Over 18% of women do regular unpaid overtime of an average of seven hours a week, according to new analysis from the TUC.
UK companies claimed £32.7 billion of free labour last year because of workers’ doing unpaid overtime, according to new TUC analysis of official statistics.
The TUC says more than five million people put in an average of 7.5 hours a week in unpaid overtime during 2018, which is equivalent on average to having £6,532 taken out of individual pay packets.
Today is the TUC’s 15th annual Work Your Proper Hours Day, marking the fact that the average person doing unpaid overtime has effectively worked the year so far for free.
To mark Work Your Proper Hours Day, the TUC is encouraging workers to take a proper lunch break and leave on time. It says employers should adopt good practice and take steps to manage down unpaid overtime hours and Government should actively enforce statutory paid annual leave, rest breaks and the right not to work more than 48 hours a week on average.
It says that currently the enforcement system doesn’t work. For example, the TUC says local authorities have sole responsibility for enforcing the 48-hour week in shops and offices, but they can do nothing because they have no resources for this role.
It calls on the Government to target low-paid salary work for national minimum wage enforcement and says extra hours should count towards the National Minimum Wage calculation.
The TUC’s research finds men work more unpaid overtime than women, with more than one in six men working unpaid overtime. A similar percentage of women also put in unpaid hours. The average unpaid overtime is seven hours a week, even for those working part time who tend to be women.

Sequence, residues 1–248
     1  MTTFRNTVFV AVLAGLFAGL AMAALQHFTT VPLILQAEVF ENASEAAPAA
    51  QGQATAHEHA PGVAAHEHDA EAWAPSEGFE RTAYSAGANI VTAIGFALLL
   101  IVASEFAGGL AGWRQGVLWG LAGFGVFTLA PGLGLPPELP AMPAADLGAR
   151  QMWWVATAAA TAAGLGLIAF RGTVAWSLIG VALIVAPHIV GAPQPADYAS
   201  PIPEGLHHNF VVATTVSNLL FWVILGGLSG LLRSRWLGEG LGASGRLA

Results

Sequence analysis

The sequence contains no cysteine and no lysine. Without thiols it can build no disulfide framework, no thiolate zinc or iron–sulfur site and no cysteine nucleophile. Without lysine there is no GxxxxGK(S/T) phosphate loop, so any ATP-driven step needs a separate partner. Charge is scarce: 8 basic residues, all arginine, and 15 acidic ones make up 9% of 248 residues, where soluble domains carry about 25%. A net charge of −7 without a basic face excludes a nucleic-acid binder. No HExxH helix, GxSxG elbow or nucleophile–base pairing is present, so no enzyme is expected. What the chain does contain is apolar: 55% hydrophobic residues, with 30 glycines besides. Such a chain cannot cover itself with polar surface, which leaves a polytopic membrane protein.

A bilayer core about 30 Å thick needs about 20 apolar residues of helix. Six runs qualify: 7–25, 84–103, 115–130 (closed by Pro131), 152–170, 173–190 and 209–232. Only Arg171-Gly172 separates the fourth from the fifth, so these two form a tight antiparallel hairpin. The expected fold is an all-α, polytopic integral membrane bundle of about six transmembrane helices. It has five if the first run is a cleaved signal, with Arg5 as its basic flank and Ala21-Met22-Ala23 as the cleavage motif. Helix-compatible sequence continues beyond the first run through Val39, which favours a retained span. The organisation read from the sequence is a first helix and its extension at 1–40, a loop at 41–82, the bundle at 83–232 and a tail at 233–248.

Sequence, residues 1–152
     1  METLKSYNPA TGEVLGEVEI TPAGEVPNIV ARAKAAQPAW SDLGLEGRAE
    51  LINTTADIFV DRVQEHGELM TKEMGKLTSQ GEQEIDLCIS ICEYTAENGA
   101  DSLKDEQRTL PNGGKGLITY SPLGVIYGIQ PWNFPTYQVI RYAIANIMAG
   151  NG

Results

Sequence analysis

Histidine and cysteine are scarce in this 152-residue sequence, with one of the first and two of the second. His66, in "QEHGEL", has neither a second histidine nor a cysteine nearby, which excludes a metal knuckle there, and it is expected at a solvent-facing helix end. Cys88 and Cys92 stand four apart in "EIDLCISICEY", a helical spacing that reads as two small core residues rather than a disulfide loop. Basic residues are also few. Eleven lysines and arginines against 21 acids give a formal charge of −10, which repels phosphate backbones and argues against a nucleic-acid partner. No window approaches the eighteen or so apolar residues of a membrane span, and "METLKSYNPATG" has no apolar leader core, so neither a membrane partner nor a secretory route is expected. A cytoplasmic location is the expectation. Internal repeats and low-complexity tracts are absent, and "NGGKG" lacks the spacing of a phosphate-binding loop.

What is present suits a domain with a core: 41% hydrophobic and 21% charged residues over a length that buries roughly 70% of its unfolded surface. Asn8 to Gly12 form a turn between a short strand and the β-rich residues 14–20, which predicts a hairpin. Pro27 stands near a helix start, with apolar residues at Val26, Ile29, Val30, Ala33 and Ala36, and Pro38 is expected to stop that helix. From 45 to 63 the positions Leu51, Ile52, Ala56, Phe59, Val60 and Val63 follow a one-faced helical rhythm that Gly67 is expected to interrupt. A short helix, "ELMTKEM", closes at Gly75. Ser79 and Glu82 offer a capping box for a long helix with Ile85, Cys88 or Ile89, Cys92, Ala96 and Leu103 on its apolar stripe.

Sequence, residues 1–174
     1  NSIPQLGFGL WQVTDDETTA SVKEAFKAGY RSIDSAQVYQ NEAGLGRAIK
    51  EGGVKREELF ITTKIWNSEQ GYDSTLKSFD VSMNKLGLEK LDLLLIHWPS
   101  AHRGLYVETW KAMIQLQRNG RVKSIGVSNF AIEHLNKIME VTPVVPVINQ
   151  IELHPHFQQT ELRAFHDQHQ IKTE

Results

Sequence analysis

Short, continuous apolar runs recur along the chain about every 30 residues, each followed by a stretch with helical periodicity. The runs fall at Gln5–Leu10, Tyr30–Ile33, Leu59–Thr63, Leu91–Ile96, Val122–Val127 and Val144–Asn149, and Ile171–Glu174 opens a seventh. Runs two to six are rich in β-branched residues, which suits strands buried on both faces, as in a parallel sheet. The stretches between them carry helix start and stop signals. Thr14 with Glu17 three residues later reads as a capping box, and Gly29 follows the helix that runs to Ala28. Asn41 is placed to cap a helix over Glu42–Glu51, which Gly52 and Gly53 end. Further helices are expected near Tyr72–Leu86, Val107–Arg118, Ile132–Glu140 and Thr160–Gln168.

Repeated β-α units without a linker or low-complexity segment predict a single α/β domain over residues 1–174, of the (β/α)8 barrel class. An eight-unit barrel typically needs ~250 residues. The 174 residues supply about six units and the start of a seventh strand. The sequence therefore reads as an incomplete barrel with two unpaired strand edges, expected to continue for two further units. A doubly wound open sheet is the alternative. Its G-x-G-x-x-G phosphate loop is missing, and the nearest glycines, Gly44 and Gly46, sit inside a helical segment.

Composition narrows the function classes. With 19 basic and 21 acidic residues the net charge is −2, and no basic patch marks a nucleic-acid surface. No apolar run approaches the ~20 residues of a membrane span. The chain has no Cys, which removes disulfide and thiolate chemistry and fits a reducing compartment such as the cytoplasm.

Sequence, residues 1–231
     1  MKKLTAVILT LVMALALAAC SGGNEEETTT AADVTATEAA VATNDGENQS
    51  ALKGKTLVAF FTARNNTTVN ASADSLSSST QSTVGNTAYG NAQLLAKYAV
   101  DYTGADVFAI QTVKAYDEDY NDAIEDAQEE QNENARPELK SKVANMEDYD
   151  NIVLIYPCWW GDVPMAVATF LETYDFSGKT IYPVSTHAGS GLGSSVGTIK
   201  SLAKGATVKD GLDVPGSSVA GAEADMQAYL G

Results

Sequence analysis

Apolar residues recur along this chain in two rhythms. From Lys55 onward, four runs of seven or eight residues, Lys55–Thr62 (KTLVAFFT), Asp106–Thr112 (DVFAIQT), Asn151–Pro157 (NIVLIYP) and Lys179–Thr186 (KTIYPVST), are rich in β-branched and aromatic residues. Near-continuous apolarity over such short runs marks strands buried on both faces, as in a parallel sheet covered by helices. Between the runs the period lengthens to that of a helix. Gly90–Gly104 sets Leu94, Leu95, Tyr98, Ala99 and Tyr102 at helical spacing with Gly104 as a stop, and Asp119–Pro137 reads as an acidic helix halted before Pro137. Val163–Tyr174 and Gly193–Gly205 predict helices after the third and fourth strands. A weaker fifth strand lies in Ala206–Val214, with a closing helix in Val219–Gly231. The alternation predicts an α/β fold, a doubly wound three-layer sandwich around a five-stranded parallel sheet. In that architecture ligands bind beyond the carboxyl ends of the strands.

The TUC says one in four public sector employees worked unpaid overtime, compared to around one in six employees in the private sector, with teachers and educational professionals working the most unpaid hours on average each week.
Workers in London were more likely to do unpaid overtime, followed by the South East.
Paul Holcroft, Associate Director of HR experts Croner, said: “An employer whose workforce regularly stays past their normal hours may count themselves lucky that their team has a ‘good work ethic’. But these employers may do well to think again with a renewed focus on what actually is the best way to get the most out of their employees; both employee wellbeing and overall business productivity are likely to benefit.
“Overwork can actually have the opposite effect of that which it is trying to achieve. Tired employees may well make more mistakes which means that a piece of work needs to be done again, or an order is sent out wrong leading to customer complaints. Tasks can start to take longer because an employee finds it difficult to keep concentration and procrastination may start to creep in, slowing productivity again.”
Meanwhile, new data published this week by the Living Wage Foundation shows there are over one million public sector workers who are earning below the real Living Wage. The real Living Wage rate, which the Foundation says is independently calculated based on the real cost of living, is currently £9 an hour across the UK and £10.55 in London.